The Beloved Son

I wrote previously about the father-son archetype in therapy, with my views that men need to exorcise their demons and embrace their gods through meaningful conversation with other men. My thoughts on this originated through my ongoing work in a group of men, witnessing how they were affected by other men’s accounts of their relationships to their fathers – as if they were their own – regardless of what their actual relationship to their father was. This is how I began to discern the working of archetypes. Standing behind our lived experience is an ‘ideal’ of how we think – or perhaps it’s a preconscious knowing – this relationship could be or should be. The Father, we feel, should bring out the highest in the Son. The gap between ideal and reality creates a well of grief, a common feeling amongst men.

Carl Jung was the main man in the area of archetypes. In brief, an archetype is a pattern of experience derived from the collective unconscious, accumulated by thousands of years of human history. An archetype is bigger than one’s experience. For example, there is an archetypal mother role, or husband role. When we become mothers or husbands, we may experience a conflict between how things are for us and how we think they’re supposed to be. The ‘supposed to’ is an expression of the archetype. Many a potentially good marriage hits the skids early because the hitherto smitten young man suddenly becomes ‘the protector’, or some other dominant aspect of the archetype of ‘husband’.

Our task, according to Jung, is to differentiate ourselves from these patterned ways of being. This is what he calls the process of individuation. We need to grow our ‘self’ enough to be the determiner of our thoughts, feelings and actions when we occupy a traditional role which is already occupied by a big domineering archetype.

When you begin to speak in academic circles of ‘archetypes’, people will automatically speak of Jung’s ideas. And when you begin to explore specifics – say the father-son archetype – you will encounter the idea, espoused and developed my many others who followed Jung, about the struggle for dominance between the father and son, whereby the father seeks to retain his power over, and the son begins to assert his. It’s rife in the animal kingdom amongst those herds where one male needs to shove the other aside to get the goodies. It’s not to be scoffed at. But I’d like to open the textbook again and ask if there might be other archetypes to work from which would further enhance the development of the 21st century male.

I think the father-son archetype as described above has reached its use-by date. I know it’s not that simple and I know I’m not important enough to declare this and thereby have it thus, but I’d like to pretend for a moment that I have some inner authority to declare my thoughts. I think the father-son-struggle-for-dominance was important once. Until fairly recently, actually. A father had to harden his sons to be warriors, protectors, breadwinners – in short, to be strong enough to shelter a brood of their own one day. It wasn’t long ago when the British Empire sent their sons to boarding schools where morning showers were in cold water, year round. Bullying was part of the program. These young men were being hardened for their future roles as empire builders, at home and abroad.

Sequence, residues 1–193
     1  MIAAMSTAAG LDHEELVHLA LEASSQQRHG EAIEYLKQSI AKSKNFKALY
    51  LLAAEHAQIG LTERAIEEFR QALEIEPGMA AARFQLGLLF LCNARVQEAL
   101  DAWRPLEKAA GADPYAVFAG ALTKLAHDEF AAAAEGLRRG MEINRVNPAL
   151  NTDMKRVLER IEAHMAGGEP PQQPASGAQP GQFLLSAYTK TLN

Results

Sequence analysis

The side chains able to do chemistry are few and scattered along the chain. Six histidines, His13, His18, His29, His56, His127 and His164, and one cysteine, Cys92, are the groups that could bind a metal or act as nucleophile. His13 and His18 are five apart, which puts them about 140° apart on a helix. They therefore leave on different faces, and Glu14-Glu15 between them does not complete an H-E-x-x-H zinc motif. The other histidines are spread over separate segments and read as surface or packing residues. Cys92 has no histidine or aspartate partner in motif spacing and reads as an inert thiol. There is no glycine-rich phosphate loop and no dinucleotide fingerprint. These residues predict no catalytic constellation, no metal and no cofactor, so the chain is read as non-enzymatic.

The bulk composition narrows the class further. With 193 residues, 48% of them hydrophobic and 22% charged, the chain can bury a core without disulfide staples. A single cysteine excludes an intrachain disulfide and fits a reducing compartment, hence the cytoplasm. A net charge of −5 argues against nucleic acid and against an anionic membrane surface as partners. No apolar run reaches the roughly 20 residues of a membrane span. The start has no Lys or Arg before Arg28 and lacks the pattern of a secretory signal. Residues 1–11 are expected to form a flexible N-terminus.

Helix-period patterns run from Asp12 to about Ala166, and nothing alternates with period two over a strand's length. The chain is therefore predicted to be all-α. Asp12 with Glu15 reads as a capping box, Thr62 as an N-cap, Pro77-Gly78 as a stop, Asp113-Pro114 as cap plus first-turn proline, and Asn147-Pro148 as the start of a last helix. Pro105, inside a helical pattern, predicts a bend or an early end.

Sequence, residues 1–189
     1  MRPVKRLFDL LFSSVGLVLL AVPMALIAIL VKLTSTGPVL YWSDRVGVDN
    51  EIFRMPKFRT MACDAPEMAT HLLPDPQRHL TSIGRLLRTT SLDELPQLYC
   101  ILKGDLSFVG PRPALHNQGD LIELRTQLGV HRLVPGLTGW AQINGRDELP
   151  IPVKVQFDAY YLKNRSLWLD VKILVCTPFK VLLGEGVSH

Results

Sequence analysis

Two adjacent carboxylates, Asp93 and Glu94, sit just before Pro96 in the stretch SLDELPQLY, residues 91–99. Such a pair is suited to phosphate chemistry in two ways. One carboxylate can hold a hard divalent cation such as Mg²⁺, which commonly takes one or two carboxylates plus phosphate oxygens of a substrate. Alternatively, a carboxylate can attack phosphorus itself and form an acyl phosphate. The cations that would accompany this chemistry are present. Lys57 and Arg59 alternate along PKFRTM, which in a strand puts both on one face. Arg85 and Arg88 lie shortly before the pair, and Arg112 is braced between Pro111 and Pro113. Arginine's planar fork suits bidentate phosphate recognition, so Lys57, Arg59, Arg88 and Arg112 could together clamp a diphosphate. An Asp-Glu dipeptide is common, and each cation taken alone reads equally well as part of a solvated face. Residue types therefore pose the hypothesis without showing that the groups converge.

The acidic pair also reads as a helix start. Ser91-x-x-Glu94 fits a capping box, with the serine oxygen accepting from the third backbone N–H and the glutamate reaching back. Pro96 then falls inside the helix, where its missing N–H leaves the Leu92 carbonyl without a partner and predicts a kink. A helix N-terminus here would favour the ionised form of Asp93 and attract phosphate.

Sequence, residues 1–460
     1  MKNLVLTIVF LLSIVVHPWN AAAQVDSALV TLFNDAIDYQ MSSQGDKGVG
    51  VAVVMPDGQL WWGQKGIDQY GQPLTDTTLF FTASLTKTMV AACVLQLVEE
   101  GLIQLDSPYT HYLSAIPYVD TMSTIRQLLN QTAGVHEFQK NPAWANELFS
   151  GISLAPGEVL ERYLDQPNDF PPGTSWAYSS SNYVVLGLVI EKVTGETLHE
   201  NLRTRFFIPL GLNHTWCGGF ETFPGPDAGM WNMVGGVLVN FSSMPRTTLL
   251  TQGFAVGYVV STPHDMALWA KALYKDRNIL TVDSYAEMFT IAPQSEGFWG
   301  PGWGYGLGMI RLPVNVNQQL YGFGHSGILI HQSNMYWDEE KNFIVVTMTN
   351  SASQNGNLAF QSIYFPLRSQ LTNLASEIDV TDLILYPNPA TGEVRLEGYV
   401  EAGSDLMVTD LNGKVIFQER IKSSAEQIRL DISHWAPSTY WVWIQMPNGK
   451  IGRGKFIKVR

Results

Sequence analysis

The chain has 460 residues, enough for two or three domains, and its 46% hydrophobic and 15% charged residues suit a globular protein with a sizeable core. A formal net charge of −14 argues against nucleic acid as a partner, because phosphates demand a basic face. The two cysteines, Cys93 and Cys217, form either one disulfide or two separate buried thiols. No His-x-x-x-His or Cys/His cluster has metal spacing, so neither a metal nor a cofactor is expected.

But no longer. What once made men strong is now often their undoing. The things we were conditioned for no longer exist. Wars, when they occur, are now fought primarily by remote control. We have laws to protect us from wrongdoing. And women have shaken off the traditional female roles and are more than able to be breadwinners and the leaders of families – because they have so often had to be. Too many men have crumbled trying to live up to what they think they’re supposed to be, in opposition to who they really are.

Two figures in a studio lit up by the screen display of a grid test pattern
Thanks to Manfred Werner for this Wikimedia Commons image

By not stepping out of the patterns which engulf us when we decline to become conscious and courageous beings, we risk grooming our young men for lives that are relevant to a bygone era, and now often damaging to self and others. It is no longer our task to harden our sons and deaden their sensitivities. It is our task to allow them to be vulnerable, to be creative and loving, warm and generous people, partners in every way to their partners.

We can do this by distancing ourselves from the archetype which buys into the struggle for power with our growing young men. It’s an old and well used archetype, so we will have to check ourselves every time we want to shout, or blame, or belittle. Our sons can become self-correcting and self-managing if we make some investment in their sense of self.

I hesitate to cite scripture in closing, but I’d like to suggest that we could look to the New Testament for a worthy conception of an archetype that we could reinforce as we grow our boys into healthy young men: This is my beloved son, in whom I am well pleased. (Matthew 3.17) What our growing young men need is recognition and acceptance for who they are, not what we think they should be.

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